MIAMI — With one month left in the costly and caustic Republican gubernatorial primary, the leading candidates both tramped across voter-rich Miami on Wednesday, with Rick Scott rolling out his long-awaited economic plan and Bill McCollum dismissing it as ''partially plagiarized."
Scott's plan was as smoothly packaged as the colorfully wrapped, chartered bus he boarded Wednesday for a statewide tour that will end in Pensacola on Monday. His ''7-7-7" plan calls for seven steps to 700,000 jobs in seven years — a mantra meant to appeal to weary voters looking for a simple path out of double-digit unemployment.
The plan aims to shave corporate and property taxes, cut the state payroll and streamline government agencies.
"There's plenty of money we can cut in spending so we can reduce taxes," Scott said of the state budget, which has been stripped of about $7 billion in the last two years. ''We'll find the money in existing programs, plus we're going to grow the economy. … We're going to live within our means."
Campaigning just across town was McCollum, who dismissed some of Scott's ideas as half-baked and the rest as a ripoff of his own plan.
"If you copy somebody, it's the sincerest form of flattery," said McCollum at a Hialeah senior center. "Most everything he's got in there is something I've announced or been involved with previously. It's good he's following my lead."
Scott has previously accused McCollum of mimicking his calls to crack down on illegal immigration, even running an ad that joked McCollum would shave his head to look like Scott.
The dueling Republican campaigns moved strangely parallel through Miami-Dade, home to more Republican voters than any other county in Florida.
Most of the Republican establishment is backing McCollum in the Aug. 24 primary.
"The difference between my opponent and me is that I've done this before," said Scott, a multimillionaire health care executive. "I've started companies from scratch."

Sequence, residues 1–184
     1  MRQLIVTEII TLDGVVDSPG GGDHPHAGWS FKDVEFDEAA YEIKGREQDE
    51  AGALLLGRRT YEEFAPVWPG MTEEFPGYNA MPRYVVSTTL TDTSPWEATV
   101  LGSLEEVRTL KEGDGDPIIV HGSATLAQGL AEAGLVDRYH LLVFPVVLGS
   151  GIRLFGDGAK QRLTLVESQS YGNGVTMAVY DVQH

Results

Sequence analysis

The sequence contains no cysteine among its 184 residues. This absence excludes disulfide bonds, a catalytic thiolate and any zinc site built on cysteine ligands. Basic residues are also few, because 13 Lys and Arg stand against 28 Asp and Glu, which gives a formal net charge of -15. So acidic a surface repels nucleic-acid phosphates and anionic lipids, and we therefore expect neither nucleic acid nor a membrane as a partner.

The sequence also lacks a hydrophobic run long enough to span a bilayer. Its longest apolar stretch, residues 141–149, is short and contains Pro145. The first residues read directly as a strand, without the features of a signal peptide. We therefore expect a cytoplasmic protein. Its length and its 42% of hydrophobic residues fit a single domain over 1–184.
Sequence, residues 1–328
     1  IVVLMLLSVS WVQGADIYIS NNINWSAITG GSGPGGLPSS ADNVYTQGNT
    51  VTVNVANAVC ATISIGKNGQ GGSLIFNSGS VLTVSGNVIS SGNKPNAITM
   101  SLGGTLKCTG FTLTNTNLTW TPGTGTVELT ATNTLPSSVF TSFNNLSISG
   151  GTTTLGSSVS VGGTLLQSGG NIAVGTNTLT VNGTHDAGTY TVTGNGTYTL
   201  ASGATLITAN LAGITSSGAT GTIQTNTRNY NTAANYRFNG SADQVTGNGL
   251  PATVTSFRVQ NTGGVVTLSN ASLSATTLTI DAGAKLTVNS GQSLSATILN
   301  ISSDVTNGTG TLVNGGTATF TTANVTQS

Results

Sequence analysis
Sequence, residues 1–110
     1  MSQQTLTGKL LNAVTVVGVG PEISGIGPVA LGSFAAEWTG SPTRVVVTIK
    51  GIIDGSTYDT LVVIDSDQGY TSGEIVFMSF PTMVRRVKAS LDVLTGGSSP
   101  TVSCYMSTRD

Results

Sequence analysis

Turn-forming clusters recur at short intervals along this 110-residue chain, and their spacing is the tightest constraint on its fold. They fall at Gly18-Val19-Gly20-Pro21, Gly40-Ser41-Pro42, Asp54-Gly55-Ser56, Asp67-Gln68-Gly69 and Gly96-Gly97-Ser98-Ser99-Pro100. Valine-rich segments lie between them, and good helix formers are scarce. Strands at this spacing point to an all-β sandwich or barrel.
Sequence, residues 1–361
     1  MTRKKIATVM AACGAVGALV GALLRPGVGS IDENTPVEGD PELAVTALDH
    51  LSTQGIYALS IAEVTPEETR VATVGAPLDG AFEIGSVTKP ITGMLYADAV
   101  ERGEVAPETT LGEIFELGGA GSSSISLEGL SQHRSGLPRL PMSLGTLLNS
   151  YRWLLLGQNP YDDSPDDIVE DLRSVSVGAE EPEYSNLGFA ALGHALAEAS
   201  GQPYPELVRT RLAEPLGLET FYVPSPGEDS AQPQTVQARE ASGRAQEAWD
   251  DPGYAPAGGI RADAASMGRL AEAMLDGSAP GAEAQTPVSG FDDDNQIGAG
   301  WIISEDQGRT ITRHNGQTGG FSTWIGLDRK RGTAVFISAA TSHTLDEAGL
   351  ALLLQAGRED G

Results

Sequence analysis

The backbiting between Scott and McCollum has helped Democratic front-runner Alex Sink pull ahead in the contest to replace Gov. Charlie Crist, according to a survey released Wednesday by the Democratic firm of Public Policy Polling. The survey found Sink 6 points ahead of Scott and 14 points ahead of McCollum.
Scott's campaign said it didn't believe the poll but noted that it said he has a more favorable image with voters than McCollum.
"I'm not quite sure who to vote for at this point because the ads are so negative," said 71-year-old Art Martinez at the Sweetwater senior center. "It's difficult for people to find out who is the best. But it's good that Scott is here to see how the people are doing."
Among the goals in Scott's plan:
• Slowly eliminate the state's 5.5 percent corporate income tax and cut property taxes by $1.4 billion. Scott said public schools would not lose a single dollar because of savings found in other parts of the budget.
• Lay off 5 percent of state employees, cut health benefits and require them to make bigger contributions to pension funds.
• Reduce salaries in Florida's prisons and turn more of them over to private companies.
• Screen welfare recipients for drugs. "We have to make sure we have money for people who are vulnerable and not waste money on people who can take care of themselves," he said.
• Reduce Medicaid costs by giving recipients limited vouchers to buy private insurance.
• Roll back state and local spending to 2004 levels, an idea that McCollum's policy director, Karen Cyphers, called unrealistic and heavy-handed.
"Even if it was realistic, it would cripple law enforcement, teachers," she said in a phone call with reporters.
McCollum, who served two decades in Congress before being elected attorney general in 2006, also slammed Scott for his lack of experience.
Scott's campaign and a related committee have spent $25 million on television ads introducing the candidate and trashing McCollum, while the McCollum camp has countered with about $8 million in positive and negative ads.
"He can say what he wants to say, but all you know about him is what he says in his TV ads," McCollum said. "I have a record. There's no record for him other than the Columbia/HCA mess."
Scott's former company, Columbia/HCA, paid a record-setting $1.7 billion fine for Medicare fraud. Scott has said that he takes responsibility for the scandal because he was the head of the company, but has declined to answer detailed questions about what he did and did not know was happening on his watch.
On Wednesday, Scott also visited a cigar factory, Cuban Crafters, where he was given a handful of cigars with personalized campaign wraps and watched workers roll tobacco leaves by hand.
The operations director at the cigar factory is former state Sen. Al Gutman, who served jail time for Medicare fraud.
"Oh, did he? You lose track," remarked Scott as he returned to the bus.
Scott's six-day bus tour is slated to wind its way up the peninsula, passing through more than a dozen counties.
St. Petersburg Times political editor Adam C. Smith contributed to this report.